Fields wants to sell a film story to Esoteric Studios. On the way he gets insulted by little boys, beat up for ogling a woman, and abused by a waitress. He becomes his niece's guardian when... See full summary »
Baruch Mayr, son of an orthodox rabbi from a poor shtetl in Galizia, decides to break with the family tradition and leave the shtetl to become an actor. Due to this behaviour his father ... See full summary »
Ewald André Dupont
Screenplay was adapted from a popular 1881 novel by Jens Andreas Friis. J.A. Friis was the first professor at a Norwegian university to hold a chair in Sami culture. He is widely recognized as the founder of the Sami language studies. See more »
You'll have to forgive Laila for its slow pace, which is a common enough problem for films of this era. Director George Schnéevoigt tends to draw scenes out in what seem like unnecessary ways, including holding the camera on his actors' faces for too many seconds as they emote, and the film should have been shorter than its 2 hour and 45 minute run time. However, if you can cope with that, this film has a lot of visual treats that make it well worth watching, and is fairly unique besides.
Filmed in the Finnmark region of the extreme northeast part of Norway, 'Laila' deals with the cultural differences between the Lapps, the nomadic indigenous people who were primarily reindeer herders, and the Norwegians, who were primarily settlers and traders. At the center of the story is Laila (Mona Mårtenson), a young woman who was born Norwegian, but through a couple of tragic accidents, ends up being raised by Lapps. As she grows up, she's promised to her Lapp step-brother (Henry Gleditsch), but finds herself falling for a Norwegian (Harald Schwenzen) who turns out to be her cousin. Mårtenson is athletic and beautiful, and the two men in this love triangle are both rather dashing, which adds to the natural scenic beauty of their surroundings.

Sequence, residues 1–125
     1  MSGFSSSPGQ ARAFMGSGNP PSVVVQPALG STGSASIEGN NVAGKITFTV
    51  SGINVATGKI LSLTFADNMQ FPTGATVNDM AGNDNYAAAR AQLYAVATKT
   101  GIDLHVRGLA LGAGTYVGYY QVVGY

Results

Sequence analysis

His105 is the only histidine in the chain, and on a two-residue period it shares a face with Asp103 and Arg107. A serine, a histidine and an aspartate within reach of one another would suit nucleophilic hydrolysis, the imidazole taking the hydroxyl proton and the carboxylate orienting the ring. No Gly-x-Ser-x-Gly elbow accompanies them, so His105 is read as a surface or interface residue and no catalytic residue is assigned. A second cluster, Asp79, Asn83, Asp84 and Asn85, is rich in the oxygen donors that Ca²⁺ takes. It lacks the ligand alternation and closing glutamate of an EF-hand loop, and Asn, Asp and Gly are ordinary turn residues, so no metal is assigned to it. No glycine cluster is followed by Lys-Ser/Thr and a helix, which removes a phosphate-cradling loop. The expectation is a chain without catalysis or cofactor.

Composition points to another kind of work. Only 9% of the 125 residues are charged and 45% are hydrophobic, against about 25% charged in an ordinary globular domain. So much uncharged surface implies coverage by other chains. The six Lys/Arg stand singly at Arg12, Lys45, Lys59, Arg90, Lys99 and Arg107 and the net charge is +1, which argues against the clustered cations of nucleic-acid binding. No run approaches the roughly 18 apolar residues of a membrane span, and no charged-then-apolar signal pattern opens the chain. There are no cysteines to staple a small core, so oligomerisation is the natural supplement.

While the story itself gets a little melodramatic at times, the best part of the film is how it transports us to this remote part of the world. We see packs of wolves bounding through deep snow, and large herds of majestic reindeer. We see reindeer being tamed, and pulling individual sleds and people on skis. The traditional apparel is fantastic – the hats, big furs, and the way babies were thoroughly wrapped up. The visual appearance of the older Lapp men (played by Tryggve Larssen and Peter Malberg) is striking, with their strong eyebrows and features. In one scene, a Lapp mother gives her two boys a hot bath, then turns them out naked to roll around in the snow. In others, Mårtenson gracefully pilots a canoe. With all of that and the beautiful snowy scenery, it's just a delight to watch.
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